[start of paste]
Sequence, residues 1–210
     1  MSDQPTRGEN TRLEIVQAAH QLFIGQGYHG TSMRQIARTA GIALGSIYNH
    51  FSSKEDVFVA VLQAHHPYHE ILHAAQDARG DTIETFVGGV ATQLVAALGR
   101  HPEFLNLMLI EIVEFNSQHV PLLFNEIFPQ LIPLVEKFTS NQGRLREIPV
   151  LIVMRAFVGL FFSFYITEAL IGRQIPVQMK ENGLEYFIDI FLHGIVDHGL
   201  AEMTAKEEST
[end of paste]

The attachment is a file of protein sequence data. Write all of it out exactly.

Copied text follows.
Sequence, residues 1–210
     1  MSDQPTRGEN TRLEIVQAAH QLFIGQGYHG TSMRQIARTA GIALGSIYNH
    51  FSSKEDVFVA VLQAHHPYHE ILHAAQDARG DTIETFVGGV ATQLVAALGR
   101  HPEFLNLMLI EIVEFNSQHV PLLFNEIFPQ LIPLVEKFTS NQGRLREIPV
   151  LIVMRAFVGL FFSFYITEAL IGRQIPVQMK ENGLEYFIDI FLHGIVDHGL
   201  AEMTAKEEST